The entries were judged with respect to clarity, concept and originality by our expert jury consisting of Kim Rees, Stefanie Posavec and Moritz Stefaner. The jury was very pleased with the diversity and inventiveness of the applications. The goal of the contest was to use creativity to communicate key statistics about well-being and sustainability to a broad audience.
To see more information about the winning entries, please head over to the winner’s page on Wikiprogress.
Click on their names to view their full submission on Wikiprogress
According to Andrew, his “visualization shows how varied well-being measures can be within a country and consequently how country-wide statistics can over-simplify. While it’s convenient to characterize whole populations by talking about national averages, we are often masking a lot of important complexity. This visualization attempts to make understanding this complexity approachable by allowing users to view the overall distribution of different well-being indexes as well as let them focus on a particular area.”
According to Fidel, his visualization “takes a look at what people say is most important to them in life and how this reflects in their choice for a new home. It thereby also raises the question how other aspects, like distance, language and immigration laws, affect the decision.”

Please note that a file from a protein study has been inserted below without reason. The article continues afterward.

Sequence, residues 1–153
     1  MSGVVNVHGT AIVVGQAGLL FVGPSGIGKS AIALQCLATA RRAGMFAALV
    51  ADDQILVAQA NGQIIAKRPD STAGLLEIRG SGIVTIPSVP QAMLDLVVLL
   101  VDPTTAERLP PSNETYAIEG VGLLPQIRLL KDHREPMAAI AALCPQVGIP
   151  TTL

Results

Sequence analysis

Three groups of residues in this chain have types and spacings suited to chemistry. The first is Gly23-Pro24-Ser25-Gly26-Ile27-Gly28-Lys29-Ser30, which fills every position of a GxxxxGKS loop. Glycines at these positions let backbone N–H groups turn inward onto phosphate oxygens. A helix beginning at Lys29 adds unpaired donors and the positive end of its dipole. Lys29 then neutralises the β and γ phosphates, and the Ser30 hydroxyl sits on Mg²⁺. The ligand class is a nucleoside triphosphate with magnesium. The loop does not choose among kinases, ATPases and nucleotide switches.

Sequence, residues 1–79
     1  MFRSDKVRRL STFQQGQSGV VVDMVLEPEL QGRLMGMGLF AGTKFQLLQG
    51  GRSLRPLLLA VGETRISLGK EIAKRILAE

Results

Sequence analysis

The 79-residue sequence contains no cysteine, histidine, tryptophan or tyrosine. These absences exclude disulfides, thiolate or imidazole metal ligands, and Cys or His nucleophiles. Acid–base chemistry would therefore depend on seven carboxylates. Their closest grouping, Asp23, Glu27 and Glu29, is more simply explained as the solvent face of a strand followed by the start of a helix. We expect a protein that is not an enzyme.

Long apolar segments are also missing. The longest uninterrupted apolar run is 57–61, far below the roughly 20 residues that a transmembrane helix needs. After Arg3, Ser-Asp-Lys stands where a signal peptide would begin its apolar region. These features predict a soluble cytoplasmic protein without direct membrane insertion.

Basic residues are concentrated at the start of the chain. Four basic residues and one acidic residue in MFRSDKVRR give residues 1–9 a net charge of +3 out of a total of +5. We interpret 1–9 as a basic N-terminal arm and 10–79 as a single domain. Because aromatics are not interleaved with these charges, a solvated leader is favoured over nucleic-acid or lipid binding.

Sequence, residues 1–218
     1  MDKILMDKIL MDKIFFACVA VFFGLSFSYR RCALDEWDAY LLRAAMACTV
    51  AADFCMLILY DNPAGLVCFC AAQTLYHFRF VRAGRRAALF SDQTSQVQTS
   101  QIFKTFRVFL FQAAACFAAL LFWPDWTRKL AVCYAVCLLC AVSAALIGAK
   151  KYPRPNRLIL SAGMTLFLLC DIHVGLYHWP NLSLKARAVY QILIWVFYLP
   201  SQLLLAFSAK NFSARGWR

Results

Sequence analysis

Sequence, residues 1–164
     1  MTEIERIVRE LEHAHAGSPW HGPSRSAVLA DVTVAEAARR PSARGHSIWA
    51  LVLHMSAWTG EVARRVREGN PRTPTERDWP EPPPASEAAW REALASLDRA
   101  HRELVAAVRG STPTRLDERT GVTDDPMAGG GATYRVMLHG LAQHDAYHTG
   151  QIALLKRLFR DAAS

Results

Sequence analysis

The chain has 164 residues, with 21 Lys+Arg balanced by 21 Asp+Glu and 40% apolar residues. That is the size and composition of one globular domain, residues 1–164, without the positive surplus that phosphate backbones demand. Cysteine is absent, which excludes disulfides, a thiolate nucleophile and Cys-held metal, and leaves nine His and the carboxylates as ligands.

According to Alice, the concept she is trying to show is, “that although young adults in developed countries have generally become increasingly well-educated over time, when we take a closer look at the family backgrounds of those young adults, we see that children of less educated parents are under-represented relative to children of highly educated parents. Indeed, most college students come from already privileged backgrounds; children of parents with at most a secondary education are much less likely to enroll in higher education. Since higher levels of education are linked with greater earnings and better economic outcomes, this situation perpetuates inequality.”
The winners of the contest will receive a free trip to Guadalajara, Mexico to attend the OECD 5th World Forum in October. If you are interested in following the discussions at the 5th World Forum, you can watch via live webcast on the official website during 13-15 October.
A huge thank you to our judges and to all of the contestants who sent in their work. We were overwhelmed by the number of entries we received, and the standard was very high in terms of design and originality.